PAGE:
I checked the numbers against the latest CPI-U, and some were exaggerated. The email said used car prices were up 35%, but the CPI lists the annual inflation at 7.8% The email also listed gasoline increases at 49%, when the actual was 29%.

But the most misleading aspect is that all of the items listed by the email together comprise less than 30% of all the items that comprise the CPI-U. All food items comprise only 14%. Eggs [up 44%] only amount to 1/10 of one percent.

Overall food prices (comprising 14% of the CPI-U) increased 11.4%, but all commodity prices, excluding food and energy, only rose 6.3% over the last year.

Now neither 8.6% nor 6.3% is good, but citing huge price spikes in small segments of the economy is definitely misleading. It’s also politically effective. People don’t notice the prices that don’t rise or rise more slowly. They notice that gasoline and egg prices are way up, or that used cars are getting pricy.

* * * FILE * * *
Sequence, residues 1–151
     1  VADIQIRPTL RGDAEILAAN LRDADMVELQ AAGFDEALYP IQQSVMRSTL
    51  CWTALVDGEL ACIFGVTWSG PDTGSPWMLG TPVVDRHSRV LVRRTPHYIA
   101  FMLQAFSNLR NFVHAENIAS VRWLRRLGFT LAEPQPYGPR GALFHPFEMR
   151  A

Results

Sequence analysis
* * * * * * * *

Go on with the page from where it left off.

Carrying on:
Yet, I’d be willing to be that the majority of people who received that email or saw the original posting of the cartoon and its statistics will have the reaction that the government is grossly “cooking the statistics.”

And the government has been “readjusting” the statistics for years, but in little ways, such as reducing the impact of food and energy costs on the CPI, but its figures aren’t “readjusted” by the two and three-fold magnitudes suggested by the cartoon.

This statistical “discrepancy” also illustrates one of the biggest problems faced by a democratic high technology society, that fewer and fewer of the people who vote really understand either the technology or the economy underlying their society, and that lack of understanding becomes fertile ground for demagogues who offer falsified/incorrect facts, gross exaggerations, and beguiling simple (but unworkable) “solutions” to complex problems.